Please tell us about your book. What ideas or images inspired this novel?
Failure Is Fatal is the second book in the Laura Murphy mysteries and, as with the first one, Murder Is Academic, we have snoopy Dr. Laura Murphy, a member of the psychology department at a small public university in Upstate New York, investigating murder, this time of a coed. She’s encouraged to help ferret out clues by a detective and her good friend in the local police department. Her obsession with finding the killer puts her relationship with Guy LaFrance on the back burner, making the future of their love affair problematic. But Laura perseveres despite Guy’s reservations. Fueled with chocolate and her nosy nature, Laura’s quest brings her into conflict with a local fraternity and forces her to look closely into her own past for clues in this murder.
The idea for the book came out of a study on sexual harassment undertaken by my undergraduate research assistants and me the year before I retired. The project, hitting close to home for some faculty on campus, stirred up controversy. I simply took that controversy and blew it up into a murder.

Do you have an ideal reader in mind when you write? If so, please describe that reader.
The typical reader for my work is a woman over the age of forty, and knowing this about my readers, I write to this description, not only because it appeals to this group, but also because cozy mysteries always find this age and gender group as their reading audience. Mysteries set in a small town where the characters know one another, where motives for murder abound and are intimate, and where the protagonist is fond of and part of village life is my ideal reader’s cup of tea, although cozies can feature jazzier settings and quite sassy protagonists. I think Laura Murphy is that kind of protagonist. If my readers don’t want to be like her because she’s too outgoing and in-your-face, they secretly like her style and might want her as the friend who says what they might not. I write the protagonists I like, but I’m pretty certain I’m creating a story the reader will find compelling because I include humor as well as serious themes, and the bad guy always gets it in the end.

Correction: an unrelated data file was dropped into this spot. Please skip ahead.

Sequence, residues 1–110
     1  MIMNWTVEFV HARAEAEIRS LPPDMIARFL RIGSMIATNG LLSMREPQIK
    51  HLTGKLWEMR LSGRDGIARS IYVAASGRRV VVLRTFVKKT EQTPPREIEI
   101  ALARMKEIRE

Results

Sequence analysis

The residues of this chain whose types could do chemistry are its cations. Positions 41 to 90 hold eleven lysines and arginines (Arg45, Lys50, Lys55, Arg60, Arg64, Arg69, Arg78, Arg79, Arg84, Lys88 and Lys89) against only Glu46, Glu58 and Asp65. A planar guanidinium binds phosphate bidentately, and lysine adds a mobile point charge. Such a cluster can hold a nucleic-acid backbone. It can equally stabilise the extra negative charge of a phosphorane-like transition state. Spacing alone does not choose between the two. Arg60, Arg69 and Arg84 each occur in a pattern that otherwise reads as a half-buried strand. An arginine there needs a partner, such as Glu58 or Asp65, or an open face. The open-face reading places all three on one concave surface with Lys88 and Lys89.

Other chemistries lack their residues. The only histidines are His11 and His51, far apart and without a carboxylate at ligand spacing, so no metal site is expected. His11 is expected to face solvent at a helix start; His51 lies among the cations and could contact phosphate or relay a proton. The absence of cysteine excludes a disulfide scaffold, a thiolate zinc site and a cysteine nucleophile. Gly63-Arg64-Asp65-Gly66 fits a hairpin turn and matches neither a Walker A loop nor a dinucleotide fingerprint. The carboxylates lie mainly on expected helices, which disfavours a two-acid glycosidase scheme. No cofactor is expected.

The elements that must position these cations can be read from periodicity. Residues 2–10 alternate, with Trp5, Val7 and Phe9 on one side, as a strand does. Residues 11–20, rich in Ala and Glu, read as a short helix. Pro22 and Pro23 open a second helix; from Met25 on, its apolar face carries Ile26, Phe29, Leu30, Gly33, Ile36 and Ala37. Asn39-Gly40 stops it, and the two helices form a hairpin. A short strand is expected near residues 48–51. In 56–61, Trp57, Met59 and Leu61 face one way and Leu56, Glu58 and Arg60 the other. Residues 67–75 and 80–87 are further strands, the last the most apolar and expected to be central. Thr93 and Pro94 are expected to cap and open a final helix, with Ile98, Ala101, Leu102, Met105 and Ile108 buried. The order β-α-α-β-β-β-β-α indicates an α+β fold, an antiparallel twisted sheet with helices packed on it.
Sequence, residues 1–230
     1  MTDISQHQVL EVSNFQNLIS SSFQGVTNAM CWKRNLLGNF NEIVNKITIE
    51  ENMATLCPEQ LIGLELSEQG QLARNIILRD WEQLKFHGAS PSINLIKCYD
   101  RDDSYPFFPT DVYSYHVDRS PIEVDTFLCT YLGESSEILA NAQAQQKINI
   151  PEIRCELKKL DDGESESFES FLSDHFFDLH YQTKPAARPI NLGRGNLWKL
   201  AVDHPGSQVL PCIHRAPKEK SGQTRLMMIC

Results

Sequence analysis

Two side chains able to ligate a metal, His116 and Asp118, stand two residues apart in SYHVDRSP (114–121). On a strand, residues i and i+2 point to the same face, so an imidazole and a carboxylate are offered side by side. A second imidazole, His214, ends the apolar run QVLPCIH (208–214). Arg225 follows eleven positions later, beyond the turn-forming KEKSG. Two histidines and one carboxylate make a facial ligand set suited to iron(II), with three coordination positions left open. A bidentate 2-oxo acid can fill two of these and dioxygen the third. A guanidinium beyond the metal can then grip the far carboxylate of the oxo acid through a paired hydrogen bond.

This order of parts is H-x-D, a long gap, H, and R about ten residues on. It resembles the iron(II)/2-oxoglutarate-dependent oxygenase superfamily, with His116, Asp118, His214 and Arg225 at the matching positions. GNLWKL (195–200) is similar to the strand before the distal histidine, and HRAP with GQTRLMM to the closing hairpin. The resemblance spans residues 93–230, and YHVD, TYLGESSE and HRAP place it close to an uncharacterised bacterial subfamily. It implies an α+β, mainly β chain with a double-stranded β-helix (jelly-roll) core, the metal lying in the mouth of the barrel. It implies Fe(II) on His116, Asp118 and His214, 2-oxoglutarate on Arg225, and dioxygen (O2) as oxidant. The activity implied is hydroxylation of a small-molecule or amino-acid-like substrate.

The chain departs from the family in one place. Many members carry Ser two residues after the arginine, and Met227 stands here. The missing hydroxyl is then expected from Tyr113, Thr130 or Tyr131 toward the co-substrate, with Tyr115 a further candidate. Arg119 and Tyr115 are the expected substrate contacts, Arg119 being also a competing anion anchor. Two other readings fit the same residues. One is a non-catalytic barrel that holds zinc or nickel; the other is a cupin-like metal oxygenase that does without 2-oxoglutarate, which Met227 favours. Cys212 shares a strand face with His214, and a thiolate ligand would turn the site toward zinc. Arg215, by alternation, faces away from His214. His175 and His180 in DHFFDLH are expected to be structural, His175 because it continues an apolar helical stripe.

Please describe your writing routine.
I do most of my writing in the morning and afternoon. With my morning coffee, I check my emails and attend to the business of writing and promotion. I’ll then work on my manuscript, taking a break for lunch and returning to work in the afternoon. I try to take computer breaks every hour, engaging in more active tasks such as walking to get the mail, doing a load of laundry, hanging out clothes, gardening, prepping for dinner or cleaning a closet. There’s something about cleaning a closet or organizing my desk or a bureau of clothing that allows me to let my thoughts free and sometimes I get writing ideas from accomplishing these menial tasks. I never write after dinner or before I go to bed. I’ve found that I can’t sleep if I do.
As for the writing itself, sometimes I have a plot outline which I check from time to time. Other times, I’m just winging it. I do go back and reread what I’ve written the day before so that I can pick up the thread of where I’m headed and to give my writing flow.

What advice do you give new writers just starting out?